We do not know if this part of the investigation about the valet Mohideen’s highly influential connections ever took place. The Police seem to have been content with peddling lascivious stories about wine and women as a substitute for serious investigation.
Premadasa was personally a hard working, abstemious man. There was nothing trivial about him. He held onto power with much going against him and was to the end an effective administrator. But one cannot avoid the conclusion that his style entailed a certain looseness around him. This enabled him to maintain unorthodox contacts. It may also be noted that while his predecessors operated from upper class residential areas as Colombo 7, Temple Trees in Colombo 3 or Queen’s House in Fort, Premadasa functioned largely from his working class base in Colombo North. This looseness also enabled him to be very secretive about his contacts and his dealings, which were crucial to him at critical times. It was also a weakness.
Upon further inquiry, Babu’s role seemed difficult to pin down. Several persons who were directly or indirectly in Premadasa’s circle doubt that the LTTE was responsible for his death. One suggestion was that the bomb was one that was thrown, rather than a human bomb. To begin with a number of officials who had been close to Premadasa, including Evans Cooray who always accompanied him on his trips, found Babu a total mystery. Only Premadasa’s daughter Mrs. Dulanjalee Jayakody testified to having seen Babu “in the Sucharita area” (Island 10 June 94).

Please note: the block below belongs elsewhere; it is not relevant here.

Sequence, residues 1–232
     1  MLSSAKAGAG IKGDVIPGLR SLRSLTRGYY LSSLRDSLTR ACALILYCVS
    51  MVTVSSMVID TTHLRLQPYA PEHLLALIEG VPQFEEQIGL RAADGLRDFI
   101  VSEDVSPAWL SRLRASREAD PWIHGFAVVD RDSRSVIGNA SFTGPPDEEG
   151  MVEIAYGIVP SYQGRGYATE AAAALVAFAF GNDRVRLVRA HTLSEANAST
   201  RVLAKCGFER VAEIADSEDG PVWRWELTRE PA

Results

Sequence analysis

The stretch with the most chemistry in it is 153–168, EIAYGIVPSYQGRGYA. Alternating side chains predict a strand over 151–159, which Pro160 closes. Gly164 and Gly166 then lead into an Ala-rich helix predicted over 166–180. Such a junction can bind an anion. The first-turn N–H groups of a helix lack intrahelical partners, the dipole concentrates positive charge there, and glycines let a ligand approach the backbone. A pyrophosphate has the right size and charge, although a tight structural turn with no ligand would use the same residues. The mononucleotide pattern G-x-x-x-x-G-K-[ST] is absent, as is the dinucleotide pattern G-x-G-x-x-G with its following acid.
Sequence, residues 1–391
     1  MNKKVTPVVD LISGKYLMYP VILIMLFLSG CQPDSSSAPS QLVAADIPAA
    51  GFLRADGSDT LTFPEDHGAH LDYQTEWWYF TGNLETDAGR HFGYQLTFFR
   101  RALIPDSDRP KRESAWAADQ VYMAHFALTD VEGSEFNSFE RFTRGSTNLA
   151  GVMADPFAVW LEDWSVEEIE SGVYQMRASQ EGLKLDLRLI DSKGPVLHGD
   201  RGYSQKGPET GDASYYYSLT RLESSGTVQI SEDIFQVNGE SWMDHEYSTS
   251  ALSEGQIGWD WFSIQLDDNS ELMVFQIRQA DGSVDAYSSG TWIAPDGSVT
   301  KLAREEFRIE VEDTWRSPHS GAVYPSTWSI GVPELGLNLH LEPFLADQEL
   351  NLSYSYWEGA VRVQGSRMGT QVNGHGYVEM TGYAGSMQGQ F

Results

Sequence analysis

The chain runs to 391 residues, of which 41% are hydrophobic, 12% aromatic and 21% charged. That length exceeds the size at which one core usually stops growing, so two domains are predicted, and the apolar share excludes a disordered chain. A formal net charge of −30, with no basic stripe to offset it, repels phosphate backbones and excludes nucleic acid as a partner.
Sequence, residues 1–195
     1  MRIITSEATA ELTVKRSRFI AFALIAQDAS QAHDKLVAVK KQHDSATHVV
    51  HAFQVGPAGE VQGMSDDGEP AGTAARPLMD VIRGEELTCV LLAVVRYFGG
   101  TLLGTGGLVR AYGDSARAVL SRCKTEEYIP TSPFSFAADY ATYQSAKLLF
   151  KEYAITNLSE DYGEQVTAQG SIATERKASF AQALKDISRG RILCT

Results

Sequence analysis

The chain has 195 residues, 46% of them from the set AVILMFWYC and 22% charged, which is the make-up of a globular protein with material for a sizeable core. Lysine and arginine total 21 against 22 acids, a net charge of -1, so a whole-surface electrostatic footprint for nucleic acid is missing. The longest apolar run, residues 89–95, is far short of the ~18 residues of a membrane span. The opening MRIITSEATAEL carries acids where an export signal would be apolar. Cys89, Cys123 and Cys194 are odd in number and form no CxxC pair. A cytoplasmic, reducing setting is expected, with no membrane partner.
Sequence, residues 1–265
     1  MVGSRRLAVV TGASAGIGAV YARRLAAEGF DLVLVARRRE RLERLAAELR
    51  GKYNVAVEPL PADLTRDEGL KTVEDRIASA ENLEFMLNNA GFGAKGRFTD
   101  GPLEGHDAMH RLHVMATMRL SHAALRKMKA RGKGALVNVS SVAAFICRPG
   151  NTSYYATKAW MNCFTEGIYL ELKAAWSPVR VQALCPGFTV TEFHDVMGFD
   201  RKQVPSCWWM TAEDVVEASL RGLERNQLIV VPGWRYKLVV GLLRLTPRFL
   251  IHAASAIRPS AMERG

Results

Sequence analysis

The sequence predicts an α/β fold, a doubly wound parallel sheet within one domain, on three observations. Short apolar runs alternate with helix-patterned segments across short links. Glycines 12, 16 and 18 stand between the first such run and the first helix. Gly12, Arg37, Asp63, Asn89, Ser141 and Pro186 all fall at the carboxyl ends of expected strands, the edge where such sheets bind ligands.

There was then the question of the bicycle that came from Pettah and turned into Armour Street. Except for Rajapakse’s statement, we do not know of any testimony on record that the rider was Babu. The unprofessional conduct of the Police has also left room for doubts to be raised. For example, are there proper records of the location and custody of body parts of the supposed suicide killer? The head is reported to have been recovered more than 25 yards away from the scene. However two journalists from the Yukthiya and Lankadipa who went to the scene a short time later saw a head and two feet in sports shoes being shoved inside a police jeep, and Reuters has a photograph of the jeep where the severed feet are clearly shown.
Rohan Gunaratna, in his International and Regional Security Implications of the Sri Lankan Tamil Insurgency (1997), shows a picture of the head of Babu with a lump of flesh proceeding from the neck. Opposite this picture is that of a youth who is said to be Babu’s brother who was involved in the LTTE’s purchasing network in South-East Asia. In a later photograph shown by the Police, the hanging flesh had been cut off. Except for minor bruises, the face was fairly clean. This led a person who was called to identify the head to believe that Babu was a victim of foul play. We will now examine other testimony.
To be continued..